Mary Shelley, Frankenstein (1818)
Frankenstein is one of those stories that everyone knows, even if you haven’t read it. Except once you do read it, you realize that the version in the popular imagination has little to do with Mary Shelley’s actual creation. There, you will find no mad scientists robbing graves for body parts; no lightning striking a ruined castle to the sound of cackling laughter; no grinning henchmen or spark-emitting machines. Shelley’s vision is much subtler and more psychologically astute than that. Though there are dramatic external events, of course, what’s really interesting is what is going on inside Frankenstein and his monstrous “child,” the ways in which they mirror one another, and their tragic inability to connect.
To get into this story that everybody knows (but doesn’t), you have to first wade through all the narrative layers in which Shelley has wrapped it. An explorer trying to reach the North Pole — which at the time was thought to be a sort of Earthly Paradise, warm and fertile if one could just get through the ice — writes letters to his sister, in which he describes how he has picked up a dying man, found in pursuit of a strange figure who eludes him and races off across the ice. This is Victor Frankenstein, who proceeds to explain how he created and then resolved to destroy this being (who, in another layer, also gets to tell some of his own story).
It’s a cumbersome and roundabout way of getting at a tale that could seemingly be told in a more straightforward way, but it also reflects one of the main themes: the loneliness and isolation that keep us from one another, the way we are “wrapped up” in our own ideas and ambitions. To break through this icy covering would require a leap of imagination and empathy that Frankenstein, groundbreaking scientist though he is, is tragically never able to make.
Once he has brought his creature to life (in a way that, in contrast to the dramatized versions, is left vague and unexplained), he takes one look at it and is unutterably repelled. He simply wants to ignore it, to pretend it doesn’t exist. Until he nears the end of his journey, he doesn’t speak about it, doesn’t even want to think about it. Out of sight, out of mind, he thinks — a very human, yet very ineffective response to an overwhelming situation.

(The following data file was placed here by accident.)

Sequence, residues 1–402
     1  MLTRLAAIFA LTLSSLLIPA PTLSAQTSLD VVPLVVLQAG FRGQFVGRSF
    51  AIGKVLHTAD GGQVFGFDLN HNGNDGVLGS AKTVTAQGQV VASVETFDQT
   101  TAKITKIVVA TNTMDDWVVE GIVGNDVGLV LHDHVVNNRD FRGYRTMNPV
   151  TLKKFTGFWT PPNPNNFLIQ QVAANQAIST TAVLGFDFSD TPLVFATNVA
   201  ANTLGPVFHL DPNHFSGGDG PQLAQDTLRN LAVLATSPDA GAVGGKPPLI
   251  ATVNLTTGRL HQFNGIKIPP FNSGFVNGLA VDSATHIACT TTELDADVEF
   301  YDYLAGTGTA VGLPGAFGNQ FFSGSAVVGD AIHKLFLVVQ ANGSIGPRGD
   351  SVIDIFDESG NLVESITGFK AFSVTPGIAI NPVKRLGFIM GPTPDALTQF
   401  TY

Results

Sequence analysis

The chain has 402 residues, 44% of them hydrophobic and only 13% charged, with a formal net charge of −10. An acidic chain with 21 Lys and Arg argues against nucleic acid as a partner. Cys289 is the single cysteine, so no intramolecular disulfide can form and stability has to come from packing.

He does not tell anyone what he has done, even once he becomes convinced that the creature has begun to murder his friends and relations. Isn’t this because, frozen by his own egotism, he is unable to take responsibility and own what he has done, what he is? He says he fears that people will think him mad, but he is worse than that. When the “monster” kills and destroys, he is only doing outwardly what his creator is doing inwardly. This brilliant thinker with stunted emotions is unable to live up morally to what he has achieved intellectually.
His nameless creation, meanwhile, states that he simply wants to be loved, to find connection in a world that repels him at every turn. His rage and vengefulness is a reflection of how he has been treated, an externalized representation of Frankenstein’s own inability to love and to create true, living connections. Even when Frankenstein decides to marry, it’s to an adopted sister whom he has known from childhood, who does not threaten him with unfamiliar ideas or perceptions. He speaks of her in terms of ownership, as one who belongs to him by right. To him, she is a thing, not a person, just like the being he has created and then run away from in terror.
And so, it’s inevitable that the Frankenstein-monster should destroy this marriage. No human being who has never confronted the demons within himself, who has never humbly confessed his weaknesses and woken to the independent reality of the other person, can enter into the true marriage of opposites.
In Shelley’s novel, Frankenstein dies without ever coming to this recognition, but the explorer who has embraced him as a friend — and his surrogate, the reader — may have a chance to go further. As he turns his ship back from the ice to save his crew, there is a hope that he (and we) might have learned something about relationships, about love, about realms that purely cold, heartless research will never attain — but which we must pursue in the service of a truly human future.